A mother! cake arrived this afternoon. Thanks to Paramount Pictures and director Darren Aronofsky, and a tip of the hat to Charm City Cakes West (8302 Melrose Ave, Los Angeles, CA 90048). I was initially queasy about tasting (it looks like something ripped out of the chest of a grizzly bear), but once I did…yummy!
As I told Sean Baker a couple of weeks ago at a party for the Santa Barbara Film Festival, “I sure would like to catch The Florida Project sometime this month, before Telluride and Toronto. It’s not like I didn’t try to catch it in Cannes, but the line was too long.” Yo, A24 — there must be others in my boat, looking to absorb what we’re all presuming is a fairly special film. Whaddaya think?
If Hollywood Elsewhere was to run the Telluride Film Festival, I would make it into an actual four-day festival instead of what it actually is — a three-day if not a two-and-a-half-day festival for a good majority of out-of-towners with tight travel schedules and a pile of deadlines.
If you’re reviewing you’ve got at least 10 hot-ticket movies to see in the space of two and a half days (29 films screened during the 2016 festival, of which maybe 10 or 11 were essentials) and if you can manage to tap out more than four or five graphs per film, you’re the Six Million Dollar Man.
This year everyone will arrive on Thursday, 8.31 — two and half weeks hence. They’ll pick up their passes, square away their lodgings, pick up some groceries and have a nice dinner somewhere. With Friday morning being mainly about the Patron’s picnic, the festival won’t actually start until mid-Friday afternoon with the first Patrons’ screening at the Chuck Jones.
On top of which Telluride often schedules the highest-interest films against each other so you’re always missing out on Peter in order to see Paul. The Telluride schedulers know exactly which films are going to be the hottest tickets, and yet they always arrange things so you’ll miss the first viewings of this or that all through the festival. Shuffling around, running around.
Two or three films on Friday, three or four on Saturday and maybe the same on Sunday. Sure, you can see five per day on Saturday and Sunday, but not if you have to file. Eight times out of ten I’ll have to blow off a couple of hotties and catch them in Toronto instead.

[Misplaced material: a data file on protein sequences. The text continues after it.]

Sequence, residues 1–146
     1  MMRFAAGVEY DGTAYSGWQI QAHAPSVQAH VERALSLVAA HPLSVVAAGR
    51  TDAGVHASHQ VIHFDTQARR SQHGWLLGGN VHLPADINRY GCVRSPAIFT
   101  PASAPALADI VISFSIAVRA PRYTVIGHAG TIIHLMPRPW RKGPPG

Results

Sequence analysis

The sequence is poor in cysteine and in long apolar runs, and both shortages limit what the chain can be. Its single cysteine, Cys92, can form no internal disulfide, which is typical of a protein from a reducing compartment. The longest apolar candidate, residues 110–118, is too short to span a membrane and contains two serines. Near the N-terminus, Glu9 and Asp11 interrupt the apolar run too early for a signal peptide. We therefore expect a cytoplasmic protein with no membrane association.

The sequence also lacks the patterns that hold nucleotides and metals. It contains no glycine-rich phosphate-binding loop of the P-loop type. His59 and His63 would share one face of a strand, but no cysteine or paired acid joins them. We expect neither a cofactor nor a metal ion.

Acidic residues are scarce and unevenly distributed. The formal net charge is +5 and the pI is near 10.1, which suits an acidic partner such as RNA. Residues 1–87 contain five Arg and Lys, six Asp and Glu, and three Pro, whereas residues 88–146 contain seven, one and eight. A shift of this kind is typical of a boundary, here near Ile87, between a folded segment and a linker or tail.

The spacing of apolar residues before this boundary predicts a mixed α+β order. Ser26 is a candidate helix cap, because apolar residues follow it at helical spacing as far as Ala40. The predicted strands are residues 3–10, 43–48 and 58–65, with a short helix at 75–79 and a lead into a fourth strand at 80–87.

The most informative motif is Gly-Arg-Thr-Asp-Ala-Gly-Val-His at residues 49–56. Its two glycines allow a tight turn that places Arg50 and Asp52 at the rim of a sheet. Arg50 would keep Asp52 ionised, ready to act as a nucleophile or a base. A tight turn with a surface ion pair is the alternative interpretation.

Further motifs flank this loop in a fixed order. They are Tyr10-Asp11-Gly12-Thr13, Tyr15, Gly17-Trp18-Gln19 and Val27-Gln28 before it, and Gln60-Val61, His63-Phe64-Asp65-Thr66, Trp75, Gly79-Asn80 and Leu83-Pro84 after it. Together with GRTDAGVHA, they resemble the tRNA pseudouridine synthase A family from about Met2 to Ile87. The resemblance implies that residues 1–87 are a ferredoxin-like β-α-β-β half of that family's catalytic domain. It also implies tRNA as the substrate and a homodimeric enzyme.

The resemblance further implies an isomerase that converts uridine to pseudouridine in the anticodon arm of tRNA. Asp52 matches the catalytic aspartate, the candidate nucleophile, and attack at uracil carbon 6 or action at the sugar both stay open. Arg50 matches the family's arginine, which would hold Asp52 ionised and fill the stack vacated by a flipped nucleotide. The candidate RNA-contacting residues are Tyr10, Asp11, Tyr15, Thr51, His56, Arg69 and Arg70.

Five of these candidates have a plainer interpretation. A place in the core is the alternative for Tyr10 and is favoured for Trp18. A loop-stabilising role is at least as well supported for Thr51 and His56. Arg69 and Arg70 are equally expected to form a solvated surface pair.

And then it’s Monday before you know it, when everyone has to check out of their rental by 11 am. I’ll sometimes manage to catch a final film in the late morning or early afternoon before driving back to Durango or Albuquerque, but you also have to file your sum-up assessment so that’s never easy.
HE solution to Telluride gridlock: With everyone arriving on Thursday afternoon, the festival should begin on Thursday night with hottie screenings at all the venues (Chuck Jones, Werner Herzog, Palm, Galaxy, Pierre, Backlot) starting at 7 pm and then again at 9:30 or 10 pm. Hell, stage a midnight screening or two. And then more hottie screenings on Friday morning starting at 8:30 or 9 am. Those who wish to attend the Patrons picnic could squeeze it in around 11 or 11:30 am, but a full load of screenings would continue for those who’d rather catch films than eat.
Ken Burns and Lynn Novick‘s The Vietnam War, a 10-part, 18-hour epic documentary about America’s greatest military tragedy, the conflict that permanently tarnished this country’s reputation internally and worldwide, will begin airing on 9.17.
Burns has been looking to match the cultural impact of The Civil War for over 25 years now — could this be it? That legendary 1990 series was a bear to get through (11 hours 30 minutes, 9 episodes) but it was eloquent and moving and musical, and six hours shorter than the current Vietnam series. Was 18 hours entirely necessary? Burns couldn’t cover the whole sprawl of it in 10 or 12 hours?
I’m much more interested in Michael Mann’s forthcoming Battle of Hue miniseries, which will run eight to ten episodes on FX. It’ll begin filming later this year and air…who knows? Maybe by the end of ’18.